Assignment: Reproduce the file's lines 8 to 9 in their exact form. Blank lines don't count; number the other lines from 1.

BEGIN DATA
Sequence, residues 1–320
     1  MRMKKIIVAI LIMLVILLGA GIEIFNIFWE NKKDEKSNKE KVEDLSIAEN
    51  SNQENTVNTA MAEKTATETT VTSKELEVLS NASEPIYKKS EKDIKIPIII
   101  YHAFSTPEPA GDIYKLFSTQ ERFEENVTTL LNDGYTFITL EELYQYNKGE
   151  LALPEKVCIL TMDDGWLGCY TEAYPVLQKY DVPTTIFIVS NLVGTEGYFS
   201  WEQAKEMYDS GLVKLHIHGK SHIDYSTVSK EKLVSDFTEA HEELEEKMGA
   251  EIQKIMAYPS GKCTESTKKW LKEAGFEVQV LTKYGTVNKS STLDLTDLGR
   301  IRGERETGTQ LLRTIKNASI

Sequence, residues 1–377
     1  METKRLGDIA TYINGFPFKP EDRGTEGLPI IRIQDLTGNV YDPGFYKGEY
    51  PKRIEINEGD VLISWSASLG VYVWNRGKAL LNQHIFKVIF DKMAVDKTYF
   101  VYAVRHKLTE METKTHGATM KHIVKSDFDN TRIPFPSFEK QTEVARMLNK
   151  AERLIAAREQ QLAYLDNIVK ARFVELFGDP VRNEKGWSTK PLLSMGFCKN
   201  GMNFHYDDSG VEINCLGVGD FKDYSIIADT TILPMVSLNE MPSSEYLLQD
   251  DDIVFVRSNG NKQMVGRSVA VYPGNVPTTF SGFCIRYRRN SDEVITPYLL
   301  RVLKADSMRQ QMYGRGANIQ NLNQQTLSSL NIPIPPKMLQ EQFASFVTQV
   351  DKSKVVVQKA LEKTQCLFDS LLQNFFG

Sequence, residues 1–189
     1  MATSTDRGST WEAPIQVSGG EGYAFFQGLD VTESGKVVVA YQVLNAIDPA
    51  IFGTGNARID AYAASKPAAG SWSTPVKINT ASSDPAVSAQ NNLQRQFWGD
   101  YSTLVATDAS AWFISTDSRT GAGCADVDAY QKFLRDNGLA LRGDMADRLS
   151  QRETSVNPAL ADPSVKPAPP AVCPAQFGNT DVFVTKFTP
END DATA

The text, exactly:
   301  IRGERETGTQ LLRTIKNASI

Sequence, residues 1–377